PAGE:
Pablo Picasso once again proved his appeal to wealthy collectors when the artist's portrait of his second wife Jacqueline was the top lot at Christie's
impressionist and modern art sale in London on Tuesday.
"Tete de femme (Jacqueline)", painted in 1963, fetched 8.1 million pounds ($13 million), around double its presale estimate of 3-4 million pounds. The sale price includes buyer's premium whereas the estimate does not.
The painting has not been seen in public since 1967 and has been in the same collection for nearly 30 years.
Jacqueline had an unusually short neck and it is said that Picasso would jokingly exaggerate its size in his portraits -- as in this elongated example.
The result helped the world's leading auctioneer raise 66.7 million pounds from the sale overall, according to provisional results on Christie's website, towards the top end of expectations of between 48.3-69.1 million pounds.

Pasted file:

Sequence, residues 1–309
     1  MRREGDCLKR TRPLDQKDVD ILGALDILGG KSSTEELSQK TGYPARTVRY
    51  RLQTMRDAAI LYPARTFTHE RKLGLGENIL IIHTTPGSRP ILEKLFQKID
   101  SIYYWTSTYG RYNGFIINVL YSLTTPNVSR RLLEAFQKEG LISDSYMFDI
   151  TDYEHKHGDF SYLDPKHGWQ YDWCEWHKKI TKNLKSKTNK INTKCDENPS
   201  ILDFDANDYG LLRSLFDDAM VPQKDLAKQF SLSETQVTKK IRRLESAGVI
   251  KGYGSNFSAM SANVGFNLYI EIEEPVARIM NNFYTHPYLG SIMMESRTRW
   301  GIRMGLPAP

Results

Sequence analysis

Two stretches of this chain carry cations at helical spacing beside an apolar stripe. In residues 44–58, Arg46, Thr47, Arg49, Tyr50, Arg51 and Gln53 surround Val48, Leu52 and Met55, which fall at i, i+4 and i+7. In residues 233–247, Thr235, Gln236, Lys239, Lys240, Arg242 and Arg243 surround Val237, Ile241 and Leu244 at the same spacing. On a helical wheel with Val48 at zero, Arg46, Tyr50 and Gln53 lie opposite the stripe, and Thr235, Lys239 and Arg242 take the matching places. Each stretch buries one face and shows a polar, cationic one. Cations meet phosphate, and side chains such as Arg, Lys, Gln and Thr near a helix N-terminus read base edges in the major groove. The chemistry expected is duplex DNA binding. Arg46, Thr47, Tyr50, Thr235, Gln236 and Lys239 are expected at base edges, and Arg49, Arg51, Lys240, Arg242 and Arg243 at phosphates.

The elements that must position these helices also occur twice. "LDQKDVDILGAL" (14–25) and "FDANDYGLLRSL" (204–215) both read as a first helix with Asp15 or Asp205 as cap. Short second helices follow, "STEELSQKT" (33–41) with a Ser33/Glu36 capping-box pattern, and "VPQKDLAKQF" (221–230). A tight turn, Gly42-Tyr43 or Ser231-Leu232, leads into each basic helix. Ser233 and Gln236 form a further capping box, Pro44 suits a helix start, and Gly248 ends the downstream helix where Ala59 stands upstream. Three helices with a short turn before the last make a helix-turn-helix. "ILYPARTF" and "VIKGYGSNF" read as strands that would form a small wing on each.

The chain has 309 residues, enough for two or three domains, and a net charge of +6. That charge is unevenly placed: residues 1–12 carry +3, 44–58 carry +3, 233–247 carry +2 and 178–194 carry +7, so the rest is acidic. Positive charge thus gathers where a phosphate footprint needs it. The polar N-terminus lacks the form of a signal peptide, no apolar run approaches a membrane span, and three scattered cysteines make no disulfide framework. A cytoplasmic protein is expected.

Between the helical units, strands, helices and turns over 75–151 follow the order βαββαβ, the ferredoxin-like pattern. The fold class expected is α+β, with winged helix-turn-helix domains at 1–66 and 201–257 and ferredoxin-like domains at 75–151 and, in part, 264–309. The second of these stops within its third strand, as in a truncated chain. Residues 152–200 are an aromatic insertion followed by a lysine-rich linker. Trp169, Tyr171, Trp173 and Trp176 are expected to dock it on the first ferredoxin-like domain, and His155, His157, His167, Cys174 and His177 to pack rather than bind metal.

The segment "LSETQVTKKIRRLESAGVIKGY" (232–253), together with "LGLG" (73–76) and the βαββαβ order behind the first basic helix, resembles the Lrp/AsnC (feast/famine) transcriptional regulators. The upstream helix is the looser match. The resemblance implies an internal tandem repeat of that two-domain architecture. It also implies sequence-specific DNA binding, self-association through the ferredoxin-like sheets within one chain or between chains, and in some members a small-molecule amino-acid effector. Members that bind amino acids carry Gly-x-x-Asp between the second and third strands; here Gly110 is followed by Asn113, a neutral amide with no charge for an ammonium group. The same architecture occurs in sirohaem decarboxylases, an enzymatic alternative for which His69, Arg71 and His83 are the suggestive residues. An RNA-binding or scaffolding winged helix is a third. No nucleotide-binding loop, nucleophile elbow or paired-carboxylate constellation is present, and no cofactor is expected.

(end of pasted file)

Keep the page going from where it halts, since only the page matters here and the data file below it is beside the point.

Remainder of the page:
The total is further evidence of a relatively robust art market that has been less affected by the economic crisis than many experts had predicted.
The second highest price on the night was 7.1 million pounds paid for Dutch artist Kees van Dongen's "La Gitane" versus a pre-sale estimate of 5.5-7.5 million pounds.
Russian painter Natalia Goncharova's "Espagnole", offered at auction for the first time, was sold for 6.4 million pounds, above the high estimate of six million.
Christie's also held a surreal art sale on Tuesday which raised around 10.1 million pounds, within expectations of 8.2-11.7 million.
Rival auction house Sotheby's holds its impressionist and modern art sale in London on Wednesday. (Reporting by Mike Collett-White)